Sanofi’s Strategic Shake-Up: 11 CNS Drugs, Including Frisium and Gardenal, Find a New Home with Pharmanovia
In a bold move on Monday, Sanofi parted ways with 11 prized brands from its central nervous system (CNS) portfolio, entrusting them to the capable hands of U.K.-based Pharmanovia. Among the notable names in this transfer were epilepsy treatments Frisium and Gardenal.
While the financial specifics of this deal remain undisclosed, what’s clear is that these medicines cover a diverse range of therapeutic areas, all characterized by ongoing unmet needs. They span psycholeptics, anxiolytics, anti-epileptics, and anti-psychotics—each addressing critical aspects of mental health and epilepsy.
Pharmanovia’s CEO, James Burt, emphasized the strategic synergy behind this acquisition, highlighting the alignment with the company’s core sub-therapy focuses. Burt stated that these additions will play a pivotal role in addressing significant unmet needs in the realms of mental health and epilepsy.
Among the stars in this divestiture are several benzodiazepine clobazam brands, including Sentil, Urbanol, Noiafren, Castilium, and Frisium. These cater to anxiety in specific patient groups, with Frisium also serving as an adjunctive therapy for epilepsy.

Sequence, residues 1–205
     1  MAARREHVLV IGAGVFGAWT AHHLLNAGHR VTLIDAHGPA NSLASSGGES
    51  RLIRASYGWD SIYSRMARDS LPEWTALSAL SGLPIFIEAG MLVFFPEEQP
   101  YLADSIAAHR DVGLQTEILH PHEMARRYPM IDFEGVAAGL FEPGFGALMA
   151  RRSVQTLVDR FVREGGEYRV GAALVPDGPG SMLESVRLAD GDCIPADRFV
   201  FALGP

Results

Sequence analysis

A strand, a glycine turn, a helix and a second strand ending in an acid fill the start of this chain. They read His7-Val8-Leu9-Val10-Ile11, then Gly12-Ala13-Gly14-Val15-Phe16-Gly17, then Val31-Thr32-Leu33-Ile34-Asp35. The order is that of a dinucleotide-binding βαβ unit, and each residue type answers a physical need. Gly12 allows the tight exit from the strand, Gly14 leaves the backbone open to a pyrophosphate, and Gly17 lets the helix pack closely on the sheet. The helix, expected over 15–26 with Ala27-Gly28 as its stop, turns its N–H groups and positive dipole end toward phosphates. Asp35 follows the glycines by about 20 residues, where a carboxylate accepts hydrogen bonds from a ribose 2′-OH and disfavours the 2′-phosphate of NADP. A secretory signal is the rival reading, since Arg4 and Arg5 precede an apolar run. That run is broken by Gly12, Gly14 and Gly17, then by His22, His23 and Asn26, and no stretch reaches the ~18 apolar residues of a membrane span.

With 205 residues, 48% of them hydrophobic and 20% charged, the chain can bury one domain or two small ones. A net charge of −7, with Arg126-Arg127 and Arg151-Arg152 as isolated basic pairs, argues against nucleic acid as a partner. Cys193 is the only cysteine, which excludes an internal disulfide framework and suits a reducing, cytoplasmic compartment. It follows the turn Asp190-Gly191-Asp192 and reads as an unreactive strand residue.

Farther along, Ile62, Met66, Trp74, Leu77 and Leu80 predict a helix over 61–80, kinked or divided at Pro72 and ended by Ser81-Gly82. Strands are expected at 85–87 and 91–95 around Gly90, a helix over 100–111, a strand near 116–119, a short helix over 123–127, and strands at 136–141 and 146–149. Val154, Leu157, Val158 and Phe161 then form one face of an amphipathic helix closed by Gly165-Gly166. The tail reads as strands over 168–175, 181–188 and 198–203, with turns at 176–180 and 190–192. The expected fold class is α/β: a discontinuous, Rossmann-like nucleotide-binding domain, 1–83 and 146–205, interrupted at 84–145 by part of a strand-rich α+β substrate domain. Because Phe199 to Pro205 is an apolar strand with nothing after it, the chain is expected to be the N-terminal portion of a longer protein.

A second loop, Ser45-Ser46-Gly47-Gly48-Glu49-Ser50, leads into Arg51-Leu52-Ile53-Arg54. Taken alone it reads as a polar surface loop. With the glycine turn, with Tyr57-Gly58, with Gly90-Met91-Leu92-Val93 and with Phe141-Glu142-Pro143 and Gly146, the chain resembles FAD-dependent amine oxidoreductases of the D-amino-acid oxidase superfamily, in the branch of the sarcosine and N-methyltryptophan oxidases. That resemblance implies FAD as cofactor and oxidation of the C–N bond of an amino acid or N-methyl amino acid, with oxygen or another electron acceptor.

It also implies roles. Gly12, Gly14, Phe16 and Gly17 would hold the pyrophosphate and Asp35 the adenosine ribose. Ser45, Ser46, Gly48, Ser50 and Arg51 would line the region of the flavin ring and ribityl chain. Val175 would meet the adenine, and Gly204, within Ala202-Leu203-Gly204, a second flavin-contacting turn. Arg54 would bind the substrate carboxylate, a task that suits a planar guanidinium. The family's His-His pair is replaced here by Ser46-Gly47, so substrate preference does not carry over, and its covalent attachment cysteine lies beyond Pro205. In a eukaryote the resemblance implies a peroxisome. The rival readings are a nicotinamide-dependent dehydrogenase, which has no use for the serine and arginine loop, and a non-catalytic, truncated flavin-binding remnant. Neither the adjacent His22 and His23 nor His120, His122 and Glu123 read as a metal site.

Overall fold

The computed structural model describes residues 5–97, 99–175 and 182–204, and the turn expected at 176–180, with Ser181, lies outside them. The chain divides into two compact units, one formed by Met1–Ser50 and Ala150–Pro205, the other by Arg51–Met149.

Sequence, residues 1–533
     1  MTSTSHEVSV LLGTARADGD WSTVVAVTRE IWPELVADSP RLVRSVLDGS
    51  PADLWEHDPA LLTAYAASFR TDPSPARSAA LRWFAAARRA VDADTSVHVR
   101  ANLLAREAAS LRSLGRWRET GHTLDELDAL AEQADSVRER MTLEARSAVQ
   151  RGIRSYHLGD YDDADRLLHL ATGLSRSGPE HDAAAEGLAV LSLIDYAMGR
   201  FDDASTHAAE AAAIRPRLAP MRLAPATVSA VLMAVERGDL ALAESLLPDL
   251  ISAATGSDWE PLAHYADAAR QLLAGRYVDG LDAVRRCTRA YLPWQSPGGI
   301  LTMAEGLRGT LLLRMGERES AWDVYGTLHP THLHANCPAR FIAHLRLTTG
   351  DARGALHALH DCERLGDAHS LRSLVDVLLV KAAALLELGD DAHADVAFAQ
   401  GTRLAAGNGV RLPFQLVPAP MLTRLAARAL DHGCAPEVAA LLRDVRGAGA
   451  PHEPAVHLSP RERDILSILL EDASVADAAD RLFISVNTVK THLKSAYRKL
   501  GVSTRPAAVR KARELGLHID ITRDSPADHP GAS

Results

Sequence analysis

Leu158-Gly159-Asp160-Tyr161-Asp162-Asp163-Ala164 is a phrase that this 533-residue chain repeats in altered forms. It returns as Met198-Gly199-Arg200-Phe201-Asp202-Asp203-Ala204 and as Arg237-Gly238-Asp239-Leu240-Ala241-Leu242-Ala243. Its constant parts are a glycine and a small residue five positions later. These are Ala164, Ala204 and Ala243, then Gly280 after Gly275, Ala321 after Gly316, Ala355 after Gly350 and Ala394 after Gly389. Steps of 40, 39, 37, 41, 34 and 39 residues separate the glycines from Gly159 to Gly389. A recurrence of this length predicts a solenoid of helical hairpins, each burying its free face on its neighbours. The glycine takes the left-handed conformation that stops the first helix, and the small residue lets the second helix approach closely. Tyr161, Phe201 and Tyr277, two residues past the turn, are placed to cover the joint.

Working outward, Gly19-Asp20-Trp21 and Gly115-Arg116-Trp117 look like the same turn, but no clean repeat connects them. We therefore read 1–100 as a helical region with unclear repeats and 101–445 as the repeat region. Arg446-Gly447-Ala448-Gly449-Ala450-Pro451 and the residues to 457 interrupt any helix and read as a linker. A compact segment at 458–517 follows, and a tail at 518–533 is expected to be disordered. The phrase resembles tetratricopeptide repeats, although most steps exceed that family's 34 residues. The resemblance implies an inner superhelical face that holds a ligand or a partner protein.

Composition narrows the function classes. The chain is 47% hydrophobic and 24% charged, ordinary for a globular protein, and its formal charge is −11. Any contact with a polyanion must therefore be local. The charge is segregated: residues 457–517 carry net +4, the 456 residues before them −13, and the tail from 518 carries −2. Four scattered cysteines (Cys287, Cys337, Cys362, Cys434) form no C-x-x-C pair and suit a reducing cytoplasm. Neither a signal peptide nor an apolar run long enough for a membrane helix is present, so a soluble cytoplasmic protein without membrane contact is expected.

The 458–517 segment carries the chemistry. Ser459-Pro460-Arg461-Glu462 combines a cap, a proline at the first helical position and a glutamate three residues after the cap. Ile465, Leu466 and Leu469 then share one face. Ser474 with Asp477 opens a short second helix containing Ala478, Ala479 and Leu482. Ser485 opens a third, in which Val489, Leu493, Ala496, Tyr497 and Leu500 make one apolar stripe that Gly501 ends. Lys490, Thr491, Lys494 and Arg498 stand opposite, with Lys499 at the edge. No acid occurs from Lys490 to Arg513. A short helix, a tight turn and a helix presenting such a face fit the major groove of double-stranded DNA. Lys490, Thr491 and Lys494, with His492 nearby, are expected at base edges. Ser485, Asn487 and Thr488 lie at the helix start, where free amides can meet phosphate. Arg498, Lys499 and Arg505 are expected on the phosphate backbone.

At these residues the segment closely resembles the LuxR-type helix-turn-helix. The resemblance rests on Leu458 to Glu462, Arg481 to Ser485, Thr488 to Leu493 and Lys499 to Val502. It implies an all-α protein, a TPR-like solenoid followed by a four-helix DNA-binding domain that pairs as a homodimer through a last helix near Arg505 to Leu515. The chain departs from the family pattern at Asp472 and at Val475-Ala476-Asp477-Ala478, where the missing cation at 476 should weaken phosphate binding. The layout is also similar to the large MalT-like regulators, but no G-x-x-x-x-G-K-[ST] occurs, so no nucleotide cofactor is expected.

Sanofi is also bidding farewell to epilepsy medication Gardenal, vertigo and nausea reliever Stemetil, and Tercian, a treatment for psychotic conditions and anxiety in patients who haven’t found success with other therapies.
Pharmanovia, on the other hand, is a global healthcare company specializing in lifecycle management. Their approach involves revitalizing, extending, and expanding the lifecycle of established medicines to enhance patient outcomes and medical experiences.
This move by Sanofi reflects a strategic shift away from its CNS business, as seen in its previous sale of two product portfolios to Neuraxpharm in July 2022. The first portfolio encompassed 15 CNS medicines, while the second targeted assets for pain and vascular diseases. Similarly, Sanofi’s deal with Pharmanovia keeps the financial details under wraps.
In June 2021, Sanofi embarked on a similar journey by selling 16 consumer healthcare products to Stada, aiming to streamline its consumer health portfolio and accelerate growth.
While Sanofi trims its CNS and consumer health businesses, it’s been making bold investments in rare diseases and diabetes. In May 2023, the company signed a $150 million worldwide licensing agreement with Maze Therapeutics for their glycogen synthase 1 program, a promising candidate for Pompe disease. And in March 2023, Sanofi acquired Provention Bio for $2.9 billion, gaining control over the diabetes delay drug Tzield (teplizumab-mzwv).